AMPHIBIAWEB
Litoria coplandi
Copland's Rock Frog
family: Hylidae
subfamily: Pelodryadinae

© 2016 Ryan J. Ellis (1 of 4)
Conservation Status (definitions)
IUCN (Red List) Status Least Concern (LC)
CITES No CITES Listing
Other International Status None
National Status None
Regional Status None

 

View distribution map using BerkeleyMapper.

   

From the IUCN Red List Species Account:

 

Range Description

This Australian endemic is known from the Kimberley region of Western Australia and Arnhem Land in the northern region of the Northern Territory. It has also been recorded from far northwestern Queensland in the Musselbrook Reserve (Horner, 1998). It most likely occurs in suitable habitat in between but for now the map records only this locality. This region is very flat so the species is known only from low elevations.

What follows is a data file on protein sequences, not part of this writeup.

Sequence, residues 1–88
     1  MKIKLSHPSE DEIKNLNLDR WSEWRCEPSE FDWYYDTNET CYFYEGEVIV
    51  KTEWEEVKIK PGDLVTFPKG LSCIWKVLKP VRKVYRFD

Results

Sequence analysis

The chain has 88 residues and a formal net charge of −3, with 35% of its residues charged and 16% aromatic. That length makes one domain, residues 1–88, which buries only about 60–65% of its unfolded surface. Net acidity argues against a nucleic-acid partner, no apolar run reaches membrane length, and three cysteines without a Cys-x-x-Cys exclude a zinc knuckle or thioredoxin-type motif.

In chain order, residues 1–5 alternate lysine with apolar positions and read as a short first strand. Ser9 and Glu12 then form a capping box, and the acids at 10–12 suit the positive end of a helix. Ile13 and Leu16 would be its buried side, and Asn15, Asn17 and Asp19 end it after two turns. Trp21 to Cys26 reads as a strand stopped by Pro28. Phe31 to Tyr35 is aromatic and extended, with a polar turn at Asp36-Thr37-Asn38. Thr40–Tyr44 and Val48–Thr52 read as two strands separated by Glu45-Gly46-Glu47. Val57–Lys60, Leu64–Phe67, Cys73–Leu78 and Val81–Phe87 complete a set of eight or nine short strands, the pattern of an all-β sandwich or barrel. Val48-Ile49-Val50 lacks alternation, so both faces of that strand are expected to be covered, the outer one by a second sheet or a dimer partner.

Habitat and Ecology

This species inhabits rock escarpments and scree slopes. It shelters in rock caves and deep crevices by day and in the dry season and by night it is active along the edges of creeks passing over rock. Breeding occurs from October to December. Males call from open sandstone rock surfaces near water after rain. The eggs are scattered singly or in small clumps, falling to the floor of rock pools or slow-moving temporary streams in rocky areas. Tadpoles emerge after about 52 days. In "Habitat preferences" "other" refers to "Rocky escarpments".

Population

It is a common species.

Population Trend

Stable

Major Threats

There are no known threats to this species.

Conservation Actions

The range of the species includes Kakadu National Park and the Musselbrook Reserve.

Citation

Jean-Marc Hero, Paul Horner, Dale Roberts 2004. Litoria coplandi. In: IUCN 2014

 

IUCN Terms of Use